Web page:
esque High Sierra watershed in which the tributaries of these rivers have their source. On account of the opposition of cattle and timber interests, especially those which center around Fresno, it has been difficult to secure Congressional consideration of this project. The death of Theodore Roosevelt and the unique service he rendered to this country in the conservation of its natural resources suggested to a number of men in public life the propriety of naming the enlarged park as a memorial for him. Senator Phelan and Congressman Elston accordingly introduced bills to that effect. The Senate immediately passed it with enthusiasm, but cattle and timber interests, as well as the negative action of the Forest Service in asking for additional time to investigate (whereas they have already had five years in which to acquire this information), have managed to delay action in the House of Representatives. Some, at least, of the sudden show of affection for the name Sequoia is known to have been deliberately stimulated by a concealed opposition. While it is a sound policy in principle not to change a name like Sequoia for that of a man, this surely is one of the cases where the principle is honored in the breach. We ought to recall that Roosevelt, in 1908, called the famous Conference of Governors at the White House in order to consider and provide for the conservation of our natural resources, and at this conference the importance of national parks was emphasized. “We want to take action that will prevent the advent of a woodless age,” he said in his remarkable opening address. Some idea of what he did may be gathered from the fact that near the close of his administration in 1908 there were 165 national forests, of which Roosevelt had created 143, and seven additional ones were created by him during the remainder of his administration. In other words, Roosevelt increased the national forest area from 46,000,000 to 194,000,000 acresfour times the original area and ten million acres to spare! In the face of facts like these one might expect all forest and park lovers to have patriotic reasons for taking the lead in securing the consummation of a project like the setting aside of the Roosevelt National Park.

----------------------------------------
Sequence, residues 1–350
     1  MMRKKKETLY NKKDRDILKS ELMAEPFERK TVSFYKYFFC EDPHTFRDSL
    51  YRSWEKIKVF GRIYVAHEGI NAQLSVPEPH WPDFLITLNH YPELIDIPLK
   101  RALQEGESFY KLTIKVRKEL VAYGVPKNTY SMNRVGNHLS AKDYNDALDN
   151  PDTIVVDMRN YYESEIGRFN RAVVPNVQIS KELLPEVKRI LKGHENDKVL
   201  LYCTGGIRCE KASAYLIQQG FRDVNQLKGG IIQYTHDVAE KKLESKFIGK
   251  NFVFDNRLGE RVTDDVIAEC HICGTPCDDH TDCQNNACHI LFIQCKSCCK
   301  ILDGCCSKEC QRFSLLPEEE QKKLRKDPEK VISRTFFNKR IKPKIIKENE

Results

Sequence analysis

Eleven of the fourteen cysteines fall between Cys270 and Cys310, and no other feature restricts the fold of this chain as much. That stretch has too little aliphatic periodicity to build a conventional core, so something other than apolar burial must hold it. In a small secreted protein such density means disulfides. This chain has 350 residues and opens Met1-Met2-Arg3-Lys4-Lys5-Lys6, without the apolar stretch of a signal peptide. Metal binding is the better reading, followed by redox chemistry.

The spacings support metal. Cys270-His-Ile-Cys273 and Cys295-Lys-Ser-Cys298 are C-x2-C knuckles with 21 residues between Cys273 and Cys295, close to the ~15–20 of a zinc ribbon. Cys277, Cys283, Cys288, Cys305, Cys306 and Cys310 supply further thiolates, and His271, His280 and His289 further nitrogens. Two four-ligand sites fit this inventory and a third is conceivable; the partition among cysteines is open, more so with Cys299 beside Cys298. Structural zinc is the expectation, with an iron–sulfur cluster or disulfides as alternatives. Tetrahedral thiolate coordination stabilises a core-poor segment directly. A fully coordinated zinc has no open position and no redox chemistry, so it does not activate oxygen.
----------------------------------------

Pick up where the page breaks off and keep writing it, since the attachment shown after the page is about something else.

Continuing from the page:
But these are not the only reasons that can be urged for the association of Roosevelt's name with this measure. It was he who found the way and set the example of creating by Presidential proclamation twenty-three national monuments, whose unique, beautiful, and in some cases awe-inspiring, scenic features are now a precious possession of the American people. Other Presidents followed in his footsteps until now we have at least thirty-six of these monuments. But those created by Roosevelt constitute both in number and in character the most valuable part. Among them was the Grand Cañon of the Colorado, regarded by some foreign experts as the greatest scenic wonder in the world. If Roosevelt had not taken this action we probably would never have been able to enroll it among our national parks, as has just been done by act of Congress.

Finally, Roosevelt during his administration secured the establishment of five additional national parks, comprising an area of 390,000 acres, and established the precedent of urging the welfare of national parks upon the attention of Congress in his messages. No other man in American public life has done half as much to preserve for the use and enjoyment of the American people resources of forests, waterpower, and scenery which are now an invaluable asset of our national wealth.

Nor let us overlook what Roosevelt did by his foresight to win the great war, when, at the Conference of Governors in 1908, he sounded a trumpet-call to the nation in these words: “Finally, let us remember